Slice of Prairie life: an author's first novel

Apr 3, 2009 – Langley Advance

WHEN the first 125 copies of Fury of the Wind came off the press last week, Langley author Doris Riedweg hugged the books like she was swaddling a newborn baby. "This was my baby, this is the one I wanted to get published," she told the Langley Advance. While this is the Milner resident's first novel, Riedweg is no stranger to the written word and the world of publishing.
The 78-year-old retired nurse was the editor and principal author of The Hospital on the Hill, a history of Langley Memorial Hospital 1948-1998.

She's also had numerous short stories included in Canadian anthologies, and other works published in several major Canadian newspapers. But Fury is her first published novel, her first big piece of fiction that has made it from her desk to bookstore shelves. Fury of the Wind was actually finished seven years ago, but it wasn't picked up until she connected with a White Rock-based publishing house. Holding and still admiring a copy of the new, glossy covered book, Riedweg tried to categorize the novel.

"It's not a romance, but there's romance in it," she said, adding it's not a history book, although she made great efforts to be historically accurate. Riedweg concluded that her novel is best described as mainstream fiction. The story is set in 1948, post-war Saskatchewan, in a tiny hamlet mirroring a town the author grew up in.

Having grown up in the small farming town of Wapella, in southeastern Saskatchewan, Riedweg explained how her fictional town of Nimkus possesses strong similarities in landscape to her hometown - down to some explicit physical characteristics and detailing of farms. But she emphasized that the story is not autobiographical and that the people in her story do not reflect anyone she's encountered in her life.

While Canadian Prairies were becoming more tolerant of groups such as European immigrants and First Nations people in that era, there were still pockets of discrimination like in this small fictional town this author created. In this particular town, Nimkus, a subtle class system exists where, on the social ladder, a poor farmer occupies the lowest rung. It is in this den of bigotry that Riedweg's protagonist Sarah Roberts arrives from Ontario to marry Ben Fielding. It is here that, all his life, Fielding has had to suffer the consequences of being both a poor farmer and a half-breed Native.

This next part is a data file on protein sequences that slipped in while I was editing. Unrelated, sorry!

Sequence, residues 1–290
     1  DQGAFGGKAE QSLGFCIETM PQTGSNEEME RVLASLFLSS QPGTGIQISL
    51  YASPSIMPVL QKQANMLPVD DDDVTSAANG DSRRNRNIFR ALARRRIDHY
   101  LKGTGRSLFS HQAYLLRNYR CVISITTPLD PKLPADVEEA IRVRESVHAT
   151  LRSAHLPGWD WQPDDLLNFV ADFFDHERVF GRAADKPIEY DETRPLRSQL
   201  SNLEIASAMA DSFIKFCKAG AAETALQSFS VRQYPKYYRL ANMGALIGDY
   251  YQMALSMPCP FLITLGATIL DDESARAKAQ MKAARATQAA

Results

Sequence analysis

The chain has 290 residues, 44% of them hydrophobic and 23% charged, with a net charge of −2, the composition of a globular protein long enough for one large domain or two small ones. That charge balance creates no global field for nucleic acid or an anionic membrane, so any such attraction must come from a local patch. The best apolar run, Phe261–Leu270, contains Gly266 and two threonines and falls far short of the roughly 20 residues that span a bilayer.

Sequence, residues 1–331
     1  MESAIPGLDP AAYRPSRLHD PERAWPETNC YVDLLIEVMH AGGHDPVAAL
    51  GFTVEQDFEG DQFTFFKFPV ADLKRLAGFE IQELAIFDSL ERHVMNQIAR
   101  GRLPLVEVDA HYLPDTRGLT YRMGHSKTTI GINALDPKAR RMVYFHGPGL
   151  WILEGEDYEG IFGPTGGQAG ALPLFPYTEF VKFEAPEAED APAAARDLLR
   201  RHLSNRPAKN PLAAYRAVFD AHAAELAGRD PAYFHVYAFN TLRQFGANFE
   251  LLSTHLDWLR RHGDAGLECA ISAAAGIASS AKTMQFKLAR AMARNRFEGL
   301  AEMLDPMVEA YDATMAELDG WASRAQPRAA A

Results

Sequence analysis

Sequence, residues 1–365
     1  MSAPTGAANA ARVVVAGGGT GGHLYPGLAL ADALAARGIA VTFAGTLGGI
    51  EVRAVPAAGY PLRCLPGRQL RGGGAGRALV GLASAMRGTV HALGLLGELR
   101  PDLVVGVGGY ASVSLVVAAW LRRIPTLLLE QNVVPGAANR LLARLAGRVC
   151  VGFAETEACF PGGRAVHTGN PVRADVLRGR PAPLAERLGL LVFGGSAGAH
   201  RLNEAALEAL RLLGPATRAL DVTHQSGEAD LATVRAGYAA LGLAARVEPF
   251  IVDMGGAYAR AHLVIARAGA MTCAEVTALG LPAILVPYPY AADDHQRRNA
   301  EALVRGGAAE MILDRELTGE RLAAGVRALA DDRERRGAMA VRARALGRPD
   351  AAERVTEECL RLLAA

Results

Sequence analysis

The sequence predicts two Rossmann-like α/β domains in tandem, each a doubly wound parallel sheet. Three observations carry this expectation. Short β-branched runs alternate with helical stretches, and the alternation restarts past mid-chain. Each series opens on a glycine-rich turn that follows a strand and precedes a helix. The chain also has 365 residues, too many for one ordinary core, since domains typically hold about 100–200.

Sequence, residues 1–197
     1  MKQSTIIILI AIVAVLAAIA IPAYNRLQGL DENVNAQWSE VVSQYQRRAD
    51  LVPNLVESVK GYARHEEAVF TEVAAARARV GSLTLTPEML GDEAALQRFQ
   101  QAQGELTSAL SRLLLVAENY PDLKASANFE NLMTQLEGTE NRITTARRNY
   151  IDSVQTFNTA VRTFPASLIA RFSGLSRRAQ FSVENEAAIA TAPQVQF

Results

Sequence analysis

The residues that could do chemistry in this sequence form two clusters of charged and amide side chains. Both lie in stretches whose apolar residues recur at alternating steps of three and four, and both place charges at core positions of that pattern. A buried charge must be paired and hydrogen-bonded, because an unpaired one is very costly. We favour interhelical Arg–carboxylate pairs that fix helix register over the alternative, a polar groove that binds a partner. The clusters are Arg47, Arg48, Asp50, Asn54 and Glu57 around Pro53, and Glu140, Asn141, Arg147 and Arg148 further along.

Roberts is an unemployed school teacher, disinherited by her mother, who thinks she's found the security and love she longs. But Fielding's farm is not the prosperous operation he has led her to believe. Nor is Fielding anything like the man she has come to know and love through his letters. He is morose, distant, and full of hate and dark secrets. In her 203-page large-format paperback, Riedweg follows Roberts and Fielding over a four-year period, gradually reveals the dark areas of Fielding's past, and Roberts struggle to cope with her disappointment, anger and her own guilt.

"I was writing it for three years," she explained. "I started it on an electric typewriter. I was finally convinced by other writers to buy a computer, and then I had to transfer it all over."
After multiple rewrites and a couple dozen rejection letters from publishers, Riedweg had all but given up hope of getting it published until she connected with Libros Libertad Publishing last summer, and they expressed interest.

Unlike some authors who plan the entire plot of their story before writing a word, Riedweg said she just lets the story flow out at will. Such was the case with Fury. "I started off with one line and it just went on from there. It just grew," Riedweg said. "I didn't even know how it was going to end until I was past the middle of the story." Not writing a lot right now, Riedweg said she has written two other novels since Fury, both a little bigger, and is hopeful one of those will be picked up next. Those novels don't follow the same character, but Riedweg said depending on the response to Fury, she might consider a sequel - which she's started to piece together, but never delved into too deep. After she finishes up a promotional tour early this summer, she hopes to get back to the keyboard.

Riedweg has been a member of the Langley Writers Guild since 1994, and getting together three times a month, she said has been invaluable to her as an aspiring author. Reflecting back on her writing career, Riedweg said she's always dreamed of writing. Her first strong memories of writing came when she was seven years old and a school inspector picked her story to be read to the class. In the years that followed, her mother tried to push the youngster outdoors to play with her older siblings, but to no avail.

"All I wanted to do was sit at the kitchen table and write stories," she recalled. Then, when the Vancouver Sun first published a piece she wrote about her great niece back in 1992, she balked at her husband when he came to her with a shirt needing a button sewn on.

"I don't do buttons. I'm a writer," she recounted, snickering at her own naivety. She's since gotten over that, and in fact dedicated Fury to her husband and friend John. "It's always been in the back of my mind wanting to write a novel," she added. "But I'm still a little bit overwhelmed. I didn't think it would every happen... It doesn't seem real yet."

Fury of the Wind retails for $22.95 and Riedweg is holding her book launch - including readings - Saturday, April 4, from 2 to 4 p.m. at the Huntsfield Green clubhouse, 19649 53rd Ave.
She will also be at Black Bond Books on Willowbrook Drive on Saturday, April 18, at 1 p.m. for a reading and signing.

By Roxanne Hooper